May, 2013:

Carten100 (+6)

Carten100Just over a week ago I replied to an email from Tredz bikes as part of a competition to win a place in the Carten100 bike ride. For those who don’t know and too lazy to click the link this is a 100 mile bike ride from Cardiff to Tenby. That’s quite a long way.

I didn’t think much of it, after all what were the odds on winning, and then when Palace clinched a place in the play-offs I booked a ticket for the home leg without a second thought to the competition. Then a few days before the ride I got an email saying I’d won (gulp) by which point there were a number of things against me.

  1. I wasn’t getting back from London until about 2am the night before a 7:30 start.
  2. My bike was still in for repair and I’d again have to prep my turbo bike – by this point safely back on the trainer
  3. The weather forecast was grim, the worst of it being a 25mph headwind most of the day the whole way
  4. 100 miles had been extended to 106 following police advice

I rushed home from work on the Friday and spent some time swapping bike cassettes again regretting doing it up so tight a few days before – was not being able to remove that really a viable excuse? Not really but I must admit my heart sank a little when the wrench finally moved. An hour later I was in the car to London, thankfully in the passenger seat and over 4 hours, a 0-0 draw later I’d decided that I probably couldn’t do the ride. Crossing the Severn Bridge at about 1am I’d pretty much written it off and although K had got all my kit and nutrition ready I climbed into bed, decided I wasn’t doing it and didn’t set an alarm.

This decision meant I slept well but woke up just before 6. I sat awake for 15 minutes when I realised that I’d regret passing up the opportunity and proceeded to get myself ready. Kit ready, nutrition sorted I got in the car and while K drove I downed a can of Red Bull and a banana. Arriving at the Cardiff City Stadium start location riders were already leaving and I joined the queue. I spoke to Peter, the organiser of the event, and he handed my my race number and bike jersey and shortly after I was ready to go. One of the last to leave I reasoned that would mean I’d have groups to pick up all the way to the first stop at Margam where a proper breakfast would be provided.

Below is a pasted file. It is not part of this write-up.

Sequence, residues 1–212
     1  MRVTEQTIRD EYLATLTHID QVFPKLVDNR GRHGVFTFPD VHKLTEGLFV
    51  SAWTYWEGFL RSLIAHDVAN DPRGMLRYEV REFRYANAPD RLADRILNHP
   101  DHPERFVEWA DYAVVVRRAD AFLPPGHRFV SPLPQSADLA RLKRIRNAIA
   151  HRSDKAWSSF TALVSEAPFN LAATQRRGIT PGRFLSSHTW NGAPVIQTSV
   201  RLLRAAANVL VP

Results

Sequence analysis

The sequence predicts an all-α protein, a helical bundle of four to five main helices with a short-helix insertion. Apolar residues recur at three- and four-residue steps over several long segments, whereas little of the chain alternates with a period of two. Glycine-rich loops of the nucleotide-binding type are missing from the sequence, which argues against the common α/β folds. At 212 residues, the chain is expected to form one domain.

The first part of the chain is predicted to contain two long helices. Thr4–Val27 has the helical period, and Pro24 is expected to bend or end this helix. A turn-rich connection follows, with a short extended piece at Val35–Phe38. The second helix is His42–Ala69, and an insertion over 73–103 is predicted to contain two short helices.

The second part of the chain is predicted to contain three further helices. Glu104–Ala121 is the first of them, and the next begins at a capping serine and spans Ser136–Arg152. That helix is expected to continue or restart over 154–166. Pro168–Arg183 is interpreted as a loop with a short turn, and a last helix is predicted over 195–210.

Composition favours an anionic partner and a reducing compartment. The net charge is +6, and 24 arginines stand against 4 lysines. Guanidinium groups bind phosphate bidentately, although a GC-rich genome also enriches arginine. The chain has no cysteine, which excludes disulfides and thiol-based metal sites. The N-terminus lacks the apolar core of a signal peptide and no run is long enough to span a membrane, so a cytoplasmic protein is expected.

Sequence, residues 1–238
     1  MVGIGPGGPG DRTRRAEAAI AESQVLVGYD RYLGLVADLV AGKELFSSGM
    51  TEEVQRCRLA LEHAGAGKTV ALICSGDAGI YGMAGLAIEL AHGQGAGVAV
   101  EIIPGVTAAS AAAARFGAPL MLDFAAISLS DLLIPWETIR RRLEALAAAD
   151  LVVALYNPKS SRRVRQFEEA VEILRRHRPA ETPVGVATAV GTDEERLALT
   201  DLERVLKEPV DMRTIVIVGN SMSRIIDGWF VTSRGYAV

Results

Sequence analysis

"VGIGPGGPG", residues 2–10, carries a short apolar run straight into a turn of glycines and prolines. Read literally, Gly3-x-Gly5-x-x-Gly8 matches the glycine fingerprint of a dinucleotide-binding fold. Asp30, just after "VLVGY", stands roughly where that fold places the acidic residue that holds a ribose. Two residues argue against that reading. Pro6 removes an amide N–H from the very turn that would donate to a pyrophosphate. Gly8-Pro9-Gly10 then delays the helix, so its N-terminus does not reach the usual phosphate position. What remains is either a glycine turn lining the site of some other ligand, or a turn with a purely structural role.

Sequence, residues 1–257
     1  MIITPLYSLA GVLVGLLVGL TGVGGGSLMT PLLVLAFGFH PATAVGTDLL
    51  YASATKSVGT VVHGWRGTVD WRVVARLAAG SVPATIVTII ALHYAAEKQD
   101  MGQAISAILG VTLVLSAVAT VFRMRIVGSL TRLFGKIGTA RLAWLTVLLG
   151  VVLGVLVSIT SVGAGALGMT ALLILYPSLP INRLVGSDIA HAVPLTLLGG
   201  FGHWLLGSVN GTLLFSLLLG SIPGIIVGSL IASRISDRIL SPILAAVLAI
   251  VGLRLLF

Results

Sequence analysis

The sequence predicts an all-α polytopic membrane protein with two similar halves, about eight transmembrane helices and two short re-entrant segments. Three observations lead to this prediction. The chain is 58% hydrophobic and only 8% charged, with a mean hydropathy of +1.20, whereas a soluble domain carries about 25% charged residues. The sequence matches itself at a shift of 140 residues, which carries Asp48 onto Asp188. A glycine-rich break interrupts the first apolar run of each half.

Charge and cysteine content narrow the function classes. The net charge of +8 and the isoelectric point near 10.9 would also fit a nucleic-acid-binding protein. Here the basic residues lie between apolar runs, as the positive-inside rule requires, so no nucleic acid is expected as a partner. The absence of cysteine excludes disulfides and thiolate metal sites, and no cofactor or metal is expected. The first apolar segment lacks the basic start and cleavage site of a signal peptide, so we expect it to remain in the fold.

I said to myself that if nothing else I’d won a free jersey but inside knew fully that I’d be far too stubborn not to go the whole way unless it was physically impossible. Mentally I told myself to break the trip up into 3 separate legs of 30 miles and then do the short bit to Tenby to finish. Easy…..

I quickly left behind the group I departed with as we went up Cowbridge Road but found I kept getting caught at red lights just as the group ahead moved through. The first climb on the A48 I span my way past a few riders, some of who were pushing already. Couldn’t help but feel it was going to be a long day for those riders but massive respect to them if they finished.

Along the undulating A48 before passing my office in Bridgend when the first of the rain started and on through Pyle and then Margam. Closing on the back of a group as we crossed over the M4 I think I missed the start of the sprint as the riders ahead suddenly surged away. obviously they’d picked up the scent of sizzling bacon at the first stop. Here the Express Cafe served up one of the nicest sausage baps I’ve ever eaten and having been stopped for about 30 minutes I set off looking forward to passing the half way point and getting onto the part of the ride on roads I don’t actually know. I often find it easier to ride on new roads as looking around makes the time go quicker.

Navigating through Port Talbot was a bit tricky due to traffic and lights so a mini peleton of about 30 bikes formed but once onto the bypass we were away and I once more left the group behind. It was shortly after as we crossed at Briton Ferry that the wind really started to take effect and then for the first and only time on the ride I gave up my triathlon instincts and joined a line of bikes to get some protection from the wind. I probably stayed in that group for 5 or so miles before it broke up in traffic through Swansea and we joined the Clyne Gardens cycle track which due to the tree lined nature offered a nice respite from the ever increasing breeze but when we crossed into Llanelli the toughest part of the ride was about to begin.